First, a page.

hate speech
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2022 ◽  
Vol 2 (11) ◽  
pp. 1532-1554
Author(s):  
Lilis Erna Yulianti

The virtual world is not a world without borders so we are free to do anything. But as in the real world that has norms, ethics and etiquette, in cyberspace also requires a netiquette. Netiquette as a healthy internet moral regulation is needed so that digital communication between netizens runs harmoniously and respect each other and away from conflict and deviant behavior so as to make the lives of netizens become more comfortable (comfort life). The implementation of netiket if done continuously in the long term will have a positive impact on netizens and their social environment. The positive impact for netizens towards strengthening their soft skills will form a generation of character, integrity, morality, having a healthy mentality, and getting appreciation from others who can be reinforcement for him to continue to do good to others. The positive impact on the environment makes interactions in the social environment healthier in more human communication patterns in their interaction patterns.In fact, there are still many disputes, violations and crimes that are implicated in social media and online media. For example: the rise of pornographic content, hate speech content, hoax issues, cyberbullying, insults, online fraud, digital sexual crimes, child trafficking, online prostitution, and various other cyber crimes. Based on the problems in the virtual world, the research entitled "Netiquette Strengthening Soft Skills Netizens for Generation of Character" aims to compare the phenomenon of ethical violations in social media and online media conducted by netizens associated with ethical guidelines in cyberspace (netiquette). This research uses qualitative methods with a literature review approach.


2022 ◽  
Vol 11 (2) ◽  
pp. 0-0

In the recent times transfer learning models have known to exhibited good results in the area of text classification for question-answering, summarization, next word prediction but these learning models have not been extensively used for the problem of hate speech detection yet. We anticipate that these networks may give better results in another task of text classification i.e. hate speech detection. This paper introduces a novel method of hate speech detection based on the concept of attention networks using the BERT attention model. We have conducted exhaustive experiments and evaluation over publicly available datasets using various evaluation metrics (precision, recall and F1 score). We show that our model outperforms all the state-of-the-art methods by almost 4%. We have also discussed in detail the technical challenges faced during the implementation of the proposed model.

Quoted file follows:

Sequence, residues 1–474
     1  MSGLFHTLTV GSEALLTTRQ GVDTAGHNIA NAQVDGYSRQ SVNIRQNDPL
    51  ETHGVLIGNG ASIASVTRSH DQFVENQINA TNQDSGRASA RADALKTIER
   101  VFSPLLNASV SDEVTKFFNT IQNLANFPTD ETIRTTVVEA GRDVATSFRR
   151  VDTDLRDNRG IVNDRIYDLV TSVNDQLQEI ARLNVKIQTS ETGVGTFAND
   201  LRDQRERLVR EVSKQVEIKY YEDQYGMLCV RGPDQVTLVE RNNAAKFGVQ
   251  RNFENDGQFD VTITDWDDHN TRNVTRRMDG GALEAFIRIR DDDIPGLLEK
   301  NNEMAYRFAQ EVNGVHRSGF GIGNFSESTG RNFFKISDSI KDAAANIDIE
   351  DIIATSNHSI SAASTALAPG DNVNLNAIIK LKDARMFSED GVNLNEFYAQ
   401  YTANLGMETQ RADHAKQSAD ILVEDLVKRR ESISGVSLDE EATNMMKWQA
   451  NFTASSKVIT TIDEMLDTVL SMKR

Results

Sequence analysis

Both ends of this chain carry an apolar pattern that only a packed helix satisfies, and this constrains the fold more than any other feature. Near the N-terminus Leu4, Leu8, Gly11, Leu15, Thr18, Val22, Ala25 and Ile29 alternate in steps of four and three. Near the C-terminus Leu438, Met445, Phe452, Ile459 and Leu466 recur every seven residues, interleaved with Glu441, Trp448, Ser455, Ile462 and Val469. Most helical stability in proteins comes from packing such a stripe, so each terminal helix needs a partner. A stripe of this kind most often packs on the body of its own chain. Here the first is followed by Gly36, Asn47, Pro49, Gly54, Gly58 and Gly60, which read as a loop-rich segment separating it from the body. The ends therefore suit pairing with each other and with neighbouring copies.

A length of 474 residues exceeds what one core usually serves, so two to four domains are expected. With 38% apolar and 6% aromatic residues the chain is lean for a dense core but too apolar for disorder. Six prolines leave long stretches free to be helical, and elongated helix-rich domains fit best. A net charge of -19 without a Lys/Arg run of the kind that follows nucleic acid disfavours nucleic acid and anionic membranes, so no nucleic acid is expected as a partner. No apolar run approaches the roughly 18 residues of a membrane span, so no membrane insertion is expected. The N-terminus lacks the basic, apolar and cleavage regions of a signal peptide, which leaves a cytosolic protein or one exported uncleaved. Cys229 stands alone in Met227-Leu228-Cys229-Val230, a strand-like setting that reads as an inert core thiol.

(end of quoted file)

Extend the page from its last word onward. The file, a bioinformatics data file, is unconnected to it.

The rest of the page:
Author(s):  
Tharindu Ranasinghe ◽  
Marcos Zampieri

Offensive content is pervasive in social media and a reason for concern to companies and government organizations. Several studies have been recently published investigating methods to detect the various forms of such content (e.g., hate speech, cyberbullying, and cyberaggression). The clear majority of these studies deal with English partially because most annotated datasets available contain English data. In this article, we take advantage of available English datasets by applying cross-lingual contextual word embeddings and transfer learning to make predictions in low-resource languages. We project predictions on comparable data in Arabic, Bengali, Danish, Greek, Hindi, Spanish, and Turkish. We report results of 0.8415 F1 macro for Bengali in TRAC-2 shared task [23], 0.8532 F1 macro for Danish and 0.8701 F1 macro for Greek in OffensEval 2020 [58], 0.8568 F1 macro for Hindi in HASOC 2019 shared task [27], and 0.7513 F1 macro for Spanish in in SemEval-2019 Task 5 (HatEval) [7], showing that our approach compares favorably to the best systems submitted to recent shared tasks on these three languages. Additionally, we report competitive performance on Arabic and Turkish using the training and development sets of OffensEval 2020 shared task. The results for all languages confirm the robustness of cross-lingual contextual embeddings and transfer learning for this task.


2022 ◽  
Author(s):  
Raed Toghuj